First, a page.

Augmented Social Expression of Identity

Undergraduate project presented at ACM VRST 2023

Figure 1: Examples of filters from our user study. From left-to-right: 1. sunflower badge and name badge, an informative filter intending to make disabilities more visible to others; 2. Angels on the shoulder, question mark above head - examples of extended reality augmentations on/around the body; 3. Mid-length coat - an example of extended reality augmented fashion; 4. Sports logo on shirt - an example of sponsored, branded augmentations; 5. Lipstick and skin smoothing, filled-in eyebrows and eyeliner - examples of aesthetic modifications of appearance in-line with existing social norms around the use of makeup and minor cosmetics; 6. Cartoon-ified head and hair - an example of a more extreme augmentation of appearance where human likeness is retained, but the portrayal becomes progressively more unreal

Mass adoption of Everyday Augmented Reality (AR) glasses will enable pervasive augmentation of our expression of social identity through AR filters, transforming our perception of self and others. However, despite filters prominent and often problematic usage in social media, research has yet to reflect on the potential impact AR filters might have when brought into everyday life. Informed by our survey of 300 existing popular AR filters used on Snapchat, Instagram and Tiktok, we conducted an AR-in-VR user study where participants (N=24) were exposed to 18 filters across six categories.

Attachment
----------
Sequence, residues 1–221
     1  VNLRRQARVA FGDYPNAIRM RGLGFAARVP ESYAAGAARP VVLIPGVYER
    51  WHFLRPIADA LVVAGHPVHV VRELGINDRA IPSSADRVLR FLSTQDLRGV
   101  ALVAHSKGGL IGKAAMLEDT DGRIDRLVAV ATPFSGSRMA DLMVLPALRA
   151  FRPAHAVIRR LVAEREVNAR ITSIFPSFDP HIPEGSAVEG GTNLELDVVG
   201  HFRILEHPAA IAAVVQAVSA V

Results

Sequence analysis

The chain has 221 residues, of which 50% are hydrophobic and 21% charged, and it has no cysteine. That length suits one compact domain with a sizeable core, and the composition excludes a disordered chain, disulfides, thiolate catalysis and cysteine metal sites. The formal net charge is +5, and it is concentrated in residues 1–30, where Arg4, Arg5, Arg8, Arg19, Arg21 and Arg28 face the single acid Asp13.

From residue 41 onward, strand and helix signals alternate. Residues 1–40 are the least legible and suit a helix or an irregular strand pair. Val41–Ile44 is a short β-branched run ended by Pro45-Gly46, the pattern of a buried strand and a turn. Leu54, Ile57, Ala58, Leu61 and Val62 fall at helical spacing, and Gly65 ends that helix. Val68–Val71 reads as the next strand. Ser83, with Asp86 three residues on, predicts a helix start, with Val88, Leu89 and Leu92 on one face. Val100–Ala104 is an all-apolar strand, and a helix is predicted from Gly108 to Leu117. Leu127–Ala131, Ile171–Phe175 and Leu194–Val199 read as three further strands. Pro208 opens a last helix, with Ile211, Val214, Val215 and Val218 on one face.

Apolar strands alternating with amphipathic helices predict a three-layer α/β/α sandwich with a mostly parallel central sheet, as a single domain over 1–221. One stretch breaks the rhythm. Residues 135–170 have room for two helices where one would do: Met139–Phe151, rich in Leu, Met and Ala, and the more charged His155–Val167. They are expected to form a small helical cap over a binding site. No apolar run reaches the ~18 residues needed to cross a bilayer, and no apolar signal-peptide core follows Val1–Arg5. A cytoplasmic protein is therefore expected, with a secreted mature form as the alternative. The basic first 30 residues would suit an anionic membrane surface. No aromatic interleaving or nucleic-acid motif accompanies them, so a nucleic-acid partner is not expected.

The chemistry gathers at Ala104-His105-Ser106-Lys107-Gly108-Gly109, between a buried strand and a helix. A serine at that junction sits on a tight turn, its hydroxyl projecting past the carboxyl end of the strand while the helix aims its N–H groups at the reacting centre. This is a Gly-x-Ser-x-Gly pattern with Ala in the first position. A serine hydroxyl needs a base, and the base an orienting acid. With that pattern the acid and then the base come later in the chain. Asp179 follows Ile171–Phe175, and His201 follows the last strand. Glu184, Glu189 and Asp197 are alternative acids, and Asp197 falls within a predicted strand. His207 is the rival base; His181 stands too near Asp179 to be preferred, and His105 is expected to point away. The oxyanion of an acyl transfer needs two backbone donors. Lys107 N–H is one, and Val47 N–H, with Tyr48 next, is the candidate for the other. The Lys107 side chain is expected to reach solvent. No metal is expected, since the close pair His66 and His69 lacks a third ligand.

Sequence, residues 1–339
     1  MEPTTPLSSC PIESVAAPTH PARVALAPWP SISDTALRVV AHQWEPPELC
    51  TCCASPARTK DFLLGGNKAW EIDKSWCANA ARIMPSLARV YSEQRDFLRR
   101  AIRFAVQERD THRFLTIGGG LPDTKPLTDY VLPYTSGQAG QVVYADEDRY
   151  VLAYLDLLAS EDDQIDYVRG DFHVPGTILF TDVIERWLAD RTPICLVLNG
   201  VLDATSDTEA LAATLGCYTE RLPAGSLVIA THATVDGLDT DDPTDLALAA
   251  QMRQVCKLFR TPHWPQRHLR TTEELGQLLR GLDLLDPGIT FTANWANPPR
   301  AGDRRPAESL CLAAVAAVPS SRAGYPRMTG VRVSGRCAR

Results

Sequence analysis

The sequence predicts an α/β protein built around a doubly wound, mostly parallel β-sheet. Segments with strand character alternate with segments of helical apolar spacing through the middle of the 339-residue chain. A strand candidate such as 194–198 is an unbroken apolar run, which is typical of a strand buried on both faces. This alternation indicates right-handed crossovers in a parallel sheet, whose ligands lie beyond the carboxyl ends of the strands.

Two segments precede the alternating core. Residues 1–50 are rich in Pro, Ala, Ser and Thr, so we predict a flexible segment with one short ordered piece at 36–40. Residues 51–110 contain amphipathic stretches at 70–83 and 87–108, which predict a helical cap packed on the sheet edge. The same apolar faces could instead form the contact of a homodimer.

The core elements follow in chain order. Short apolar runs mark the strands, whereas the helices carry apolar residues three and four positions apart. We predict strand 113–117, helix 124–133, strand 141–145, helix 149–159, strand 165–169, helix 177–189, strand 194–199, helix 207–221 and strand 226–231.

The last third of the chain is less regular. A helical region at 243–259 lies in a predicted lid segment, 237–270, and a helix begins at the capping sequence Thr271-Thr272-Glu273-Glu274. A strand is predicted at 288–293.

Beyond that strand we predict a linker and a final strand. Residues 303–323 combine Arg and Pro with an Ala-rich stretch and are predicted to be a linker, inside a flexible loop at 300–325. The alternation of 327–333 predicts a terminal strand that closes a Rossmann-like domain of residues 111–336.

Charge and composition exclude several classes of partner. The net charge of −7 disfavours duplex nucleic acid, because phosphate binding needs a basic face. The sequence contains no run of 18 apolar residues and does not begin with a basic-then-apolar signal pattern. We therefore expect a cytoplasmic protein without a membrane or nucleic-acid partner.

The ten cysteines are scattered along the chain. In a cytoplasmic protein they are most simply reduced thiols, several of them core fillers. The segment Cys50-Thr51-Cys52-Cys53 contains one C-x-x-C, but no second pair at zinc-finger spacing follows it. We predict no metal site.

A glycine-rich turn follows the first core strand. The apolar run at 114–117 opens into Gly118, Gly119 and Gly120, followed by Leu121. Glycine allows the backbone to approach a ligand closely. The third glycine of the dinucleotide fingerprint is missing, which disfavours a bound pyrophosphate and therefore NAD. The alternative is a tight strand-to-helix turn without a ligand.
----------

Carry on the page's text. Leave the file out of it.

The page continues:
We evaluated the social acceptability of these augmentations around others and attitudes towards an individuals augmented self. Our findings highlight 1) how users broadly respected another individuals augmented self; 2) positive use cases, such as supporting the presentation of gender identity; and 3) tensions around applying AR filters to others (e.g. censorship, changing protected characteristics) and their impact on self-perception (e.g. perpetuating unrealistic beauty standards). We raise questions regarding the rights of individuals to augment and be augmented that provoke the need for further consideration of AR augmentations in society.

This work was published at ACM VRST 2023, see (Bonner et al., 2023)


  1. identity-paper.gif
    When Filters Escape the Smartphone: Exploring Acceptance and Concerns Regarding Augmented Expression of Social Identity for Everyday AR
    Jolie Bonner, Florian Mathis, Joseph O’Hagan, and Mark McGill
    In ACM Symposium on Virtual Reality Software and Technology (VRST 2023), 2023